King speaks of a man’s “technology outrunning his theology.” Our ability to act outstrips our anointing from God to act.
Number one, Jesus called this man a fool because he allowed the means by which he lived to outdistance the ends for which he lived. . . Somehow in life we must know that we must seek first the kingdom of God, and then all of those other things—clothes, houses, cars—will be added unto us. But the problem is, all too many people fail to put first things first. They don’t keep a sharp line of demarcation between the things of life and the ends of life.
We could seek God. We could use the tools, wealth, and status we have accumulated to love our family, love our church, love our community, but instead we look to the tools, wealth and status. God does not need our tools, or even us. God gives us the tools so we may flourish in relationships: people over programs, principle over power.
King is not finished with us, yet!
Now, number two, this man was a fool because he failed to realize his dependence on others.(Yes) Now, if you read that parable in the book of Luke, you will discover that this man utters about sixty words. And do you know in sixty words he said “I” and “my” more than fifteen times? (My Lord) This man was a fool because he said “I” and “my” so much until he lost the capacity to say “we” and “our.” (Yes) He failed to realize that he couldn’t do anything by himself. This man talked like he could build the barns by himself, like he could till the soil by himself. And he failed to realize that wealth is always a result of the commonwealth.
There is nothing we do that should not lead us to honor other people. Every person with decent parents owes them an incalculable debt. Are we grateful? We are blessed to live in a place where we can “build barns,” but these are not things that we can do by ourselves! The people who make the wealth must share in the wealth. The state must not set up oppressive systems that rob and steal “legally.”
King has an example in mind:
In a larger sense we’ve got to see this in our world today. Our white brothers must see this; they haven’t seen it up to now. The great problem facing our nation today in the area of race is that it is the black man who to a large extent produced the wealth of this nation. (All right) And the nation doesn’t have sense enough to share its wealth and its power with the very people who made it so.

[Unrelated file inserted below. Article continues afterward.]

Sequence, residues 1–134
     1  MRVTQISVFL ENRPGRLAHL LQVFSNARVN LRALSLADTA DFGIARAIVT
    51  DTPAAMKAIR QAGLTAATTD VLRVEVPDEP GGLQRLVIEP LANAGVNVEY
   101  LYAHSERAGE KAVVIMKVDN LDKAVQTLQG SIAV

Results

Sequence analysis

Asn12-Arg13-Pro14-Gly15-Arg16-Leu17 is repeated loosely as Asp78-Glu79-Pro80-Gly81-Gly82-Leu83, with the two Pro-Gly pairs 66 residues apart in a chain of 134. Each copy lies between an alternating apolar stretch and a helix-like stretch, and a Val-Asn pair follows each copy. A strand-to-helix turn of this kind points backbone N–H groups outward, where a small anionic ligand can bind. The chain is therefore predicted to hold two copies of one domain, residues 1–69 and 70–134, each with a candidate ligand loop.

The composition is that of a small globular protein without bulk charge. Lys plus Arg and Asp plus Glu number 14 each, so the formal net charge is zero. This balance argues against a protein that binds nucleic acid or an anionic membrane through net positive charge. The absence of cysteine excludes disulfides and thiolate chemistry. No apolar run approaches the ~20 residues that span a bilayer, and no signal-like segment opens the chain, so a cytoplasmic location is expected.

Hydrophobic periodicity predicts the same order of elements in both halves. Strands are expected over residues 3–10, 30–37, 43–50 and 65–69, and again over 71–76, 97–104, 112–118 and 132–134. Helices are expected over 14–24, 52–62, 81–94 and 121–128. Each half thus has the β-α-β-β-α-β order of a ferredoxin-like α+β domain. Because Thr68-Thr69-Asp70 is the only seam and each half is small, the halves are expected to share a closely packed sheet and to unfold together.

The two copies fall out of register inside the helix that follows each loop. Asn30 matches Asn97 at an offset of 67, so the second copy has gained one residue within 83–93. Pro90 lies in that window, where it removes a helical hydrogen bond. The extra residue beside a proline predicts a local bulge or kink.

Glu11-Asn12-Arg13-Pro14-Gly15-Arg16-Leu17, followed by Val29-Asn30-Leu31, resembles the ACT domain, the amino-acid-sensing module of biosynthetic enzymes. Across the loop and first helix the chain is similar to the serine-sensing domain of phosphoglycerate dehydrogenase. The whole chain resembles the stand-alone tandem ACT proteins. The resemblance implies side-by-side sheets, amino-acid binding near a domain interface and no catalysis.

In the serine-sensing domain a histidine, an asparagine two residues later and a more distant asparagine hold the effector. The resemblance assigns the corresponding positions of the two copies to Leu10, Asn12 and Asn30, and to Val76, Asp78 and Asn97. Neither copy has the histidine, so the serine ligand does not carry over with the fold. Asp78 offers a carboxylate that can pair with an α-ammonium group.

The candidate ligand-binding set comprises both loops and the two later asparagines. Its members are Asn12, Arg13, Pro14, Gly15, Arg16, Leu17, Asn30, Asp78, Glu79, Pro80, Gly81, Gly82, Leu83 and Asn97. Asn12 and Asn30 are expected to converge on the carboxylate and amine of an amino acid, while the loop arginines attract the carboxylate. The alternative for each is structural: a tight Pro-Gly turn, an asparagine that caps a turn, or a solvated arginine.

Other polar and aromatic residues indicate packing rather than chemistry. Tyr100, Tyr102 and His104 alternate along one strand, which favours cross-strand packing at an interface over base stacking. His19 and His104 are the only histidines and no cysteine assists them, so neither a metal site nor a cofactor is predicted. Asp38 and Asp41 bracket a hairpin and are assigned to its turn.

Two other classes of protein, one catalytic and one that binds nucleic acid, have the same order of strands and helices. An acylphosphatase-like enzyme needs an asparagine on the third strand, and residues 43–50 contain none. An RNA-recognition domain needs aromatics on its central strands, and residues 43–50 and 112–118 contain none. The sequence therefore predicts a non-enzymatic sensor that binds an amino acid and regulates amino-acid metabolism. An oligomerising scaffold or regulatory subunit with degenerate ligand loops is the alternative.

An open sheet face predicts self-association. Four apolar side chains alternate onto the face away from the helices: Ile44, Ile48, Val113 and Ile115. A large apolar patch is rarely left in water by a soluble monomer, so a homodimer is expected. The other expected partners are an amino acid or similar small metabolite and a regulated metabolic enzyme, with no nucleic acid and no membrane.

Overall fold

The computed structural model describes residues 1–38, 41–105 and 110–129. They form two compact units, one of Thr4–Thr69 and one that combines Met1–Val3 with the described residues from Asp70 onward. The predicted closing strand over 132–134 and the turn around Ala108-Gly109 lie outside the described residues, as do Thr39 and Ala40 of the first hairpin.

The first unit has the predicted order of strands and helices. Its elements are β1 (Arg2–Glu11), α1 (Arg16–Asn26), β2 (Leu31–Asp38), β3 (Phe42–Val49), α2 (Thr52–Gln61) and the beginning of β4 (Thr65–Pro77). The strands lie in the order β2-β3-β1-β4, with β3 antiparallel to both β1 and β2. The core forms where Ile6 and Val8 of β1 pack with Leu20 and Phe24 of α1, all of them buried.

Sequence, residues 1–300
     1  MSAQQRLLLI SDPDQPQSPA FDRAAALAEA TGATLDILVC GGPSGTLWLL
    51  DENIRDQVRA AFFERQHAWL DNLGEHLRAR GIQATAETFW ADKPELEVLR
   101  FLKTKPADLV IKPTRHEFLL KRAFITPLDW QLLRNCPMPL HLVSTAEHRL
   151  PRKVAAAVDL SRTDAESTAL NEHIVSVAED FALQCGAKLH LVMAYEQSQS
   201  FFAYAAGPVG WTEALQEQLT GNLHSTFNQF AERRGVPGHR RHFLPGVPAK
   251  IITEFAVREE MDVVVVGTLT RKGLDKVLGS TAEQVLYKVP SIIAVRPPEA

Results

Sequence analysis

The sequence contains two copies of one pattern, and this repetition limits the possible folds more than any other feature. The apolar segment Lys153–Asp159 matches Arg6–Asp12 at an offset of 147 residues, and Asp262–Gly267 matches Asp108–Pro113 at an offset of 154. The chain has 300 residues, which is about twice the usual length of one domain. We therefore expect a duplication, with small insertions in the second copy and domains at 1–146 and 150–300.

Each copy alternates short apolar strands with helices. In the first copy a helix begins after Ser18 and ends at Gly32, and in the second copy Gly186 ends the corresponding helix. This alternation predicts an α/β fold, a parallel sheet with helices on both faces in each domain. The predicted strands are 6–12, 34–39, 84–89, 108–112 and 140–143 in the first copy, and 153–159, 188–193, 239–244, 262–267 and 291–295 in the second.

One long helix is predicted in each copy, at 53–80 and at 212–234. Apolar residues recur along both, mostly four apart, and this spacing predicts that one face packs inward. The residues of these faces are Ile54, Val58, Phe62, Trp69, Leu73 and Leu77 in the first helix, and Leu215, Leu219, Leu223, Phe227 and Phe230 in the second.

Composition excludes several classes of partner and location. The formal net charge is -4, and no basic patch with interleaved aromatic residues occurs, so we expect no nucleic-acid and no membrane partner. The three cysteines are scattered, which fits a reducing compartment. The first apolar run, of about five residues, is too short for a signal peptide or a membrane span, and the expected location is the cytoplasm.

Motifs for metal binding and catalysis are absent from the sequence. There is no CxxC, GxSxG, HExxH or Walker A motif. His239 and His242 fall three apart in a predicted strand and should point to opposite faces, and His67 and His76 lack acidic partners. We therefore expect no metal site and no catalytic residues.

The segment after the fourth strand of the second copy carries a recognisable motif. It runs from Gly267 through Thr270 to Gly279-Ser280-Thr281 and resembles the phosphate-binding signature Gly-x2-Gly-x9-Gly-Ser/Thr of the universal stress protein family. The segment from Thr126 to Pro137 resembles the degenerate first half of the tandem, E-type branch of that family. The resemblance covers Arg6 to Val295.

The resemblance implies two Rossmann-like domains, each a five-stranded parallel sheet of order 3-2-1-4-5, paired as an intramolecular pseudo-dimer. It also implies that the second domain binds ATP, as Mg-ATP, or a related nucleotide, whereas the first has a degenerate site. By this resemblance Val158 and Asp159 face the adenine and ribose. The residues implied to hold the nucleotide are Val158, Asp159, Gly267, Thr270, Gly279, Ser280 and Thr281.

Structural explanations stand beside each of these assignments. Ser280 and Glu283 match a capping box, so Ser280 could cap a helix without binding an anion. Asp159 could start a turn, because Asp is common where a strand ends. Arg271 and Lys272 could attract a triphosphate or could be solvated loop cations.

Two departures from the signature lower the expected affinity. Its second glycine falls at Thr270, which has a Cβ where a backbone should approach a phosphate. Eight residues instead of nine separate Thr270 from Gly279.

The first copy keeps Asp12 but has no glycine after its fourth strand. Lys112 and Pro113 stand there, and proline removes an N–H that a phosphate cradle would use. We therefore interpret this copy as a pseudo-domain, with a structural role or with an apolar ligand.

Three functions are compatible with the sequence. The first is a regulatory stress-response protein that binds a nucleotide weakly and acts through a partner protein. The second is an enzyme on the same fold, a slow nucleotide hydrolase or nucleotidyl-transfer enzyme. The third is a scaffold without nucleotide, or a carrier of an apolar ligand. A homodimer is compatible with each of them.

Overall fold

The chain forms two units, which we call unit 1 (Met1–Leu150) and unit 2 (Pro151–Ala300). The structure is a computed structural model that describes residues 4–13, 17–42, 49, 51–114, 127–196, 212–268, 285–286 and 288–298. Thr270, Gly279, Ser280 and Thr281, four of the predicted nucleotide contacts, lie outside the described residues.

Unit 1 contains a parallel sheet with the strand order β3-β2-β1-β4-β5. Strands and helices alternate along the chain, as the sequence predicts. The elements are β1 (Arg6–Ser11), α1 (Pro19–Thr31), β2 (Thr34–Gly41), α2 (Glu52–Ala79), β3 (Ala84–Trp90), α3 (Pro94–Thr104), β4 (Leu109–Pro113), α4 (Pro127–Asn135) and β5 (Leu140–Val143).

Justice must be given to those who have built and worked. This is part of the message of the Old Testament prophets, but not the whole. If King had stopped here, then he would have been just another do gooder, a particularly powerful one, in his own first-rate talents. Yet King knew there was a power available that went beyond his own.
The fool never finds this power, healing, and hope.
King goes beyond the first two follies to the greatest foolishness of all:
Finally, this man was a fool because he failed to realize his dependence on God. (Yeah) Do you know that man talked like he regulated the seasons? That man talked like he gave the rain to grapple with the fertility of the soil. (Yes) That man talked like he provided the dew. He was a fool because he ended up acting like he was the Creator, (Yes) instead of a creature. (Amen)
I often read people commenting on King’s theology and referring back to his early writings in seminary. They miss the message of his sermons and the personal encounter with God that happened to him during the Civil Rights Movement.
King shares that as a pastor he felt called to aid with the bus boycott in Montgomery. He started the struggle, but then the ugly opposition began to wear on him. His own strength ran out and he turned to God. He had a powerful encounter with God “one night very late” after a particular ugly and threatening phone call. He needed relief, the theology and philosophy from the universities did not “quite” have the answer. “I could not take it anymore . . .I was weak.” He turned to more than his earthly Father and turned himself to God. “I have to know God for himself.” He prayed and heard God and lived in the promise that God would never leave him alone.
So when King testified it had power:
God is still around. One day you’re going to need him. (My Lord) The problems of life will begin to overwhelm you, disappointments will begin to beat upon the door of your life like a tidal wave. (Yes) And if you don’t have a deep and patient faith, (Well) you aren’t going to be able to make it.
The end of this sermon is anointed and must be heard. King shares the medicine he has found even in discouragement. The Holy Spirit revives.
As always with great books and leaders, especially on authors or topics on which I lack training, I begin as a student. First, I learn. Second, I apply what is true. Third, I consider what seems wrong. Fourth, I assume I am wrong for a goodly bit. Fifth, if I still think I am right, I express my ideas to a community to see!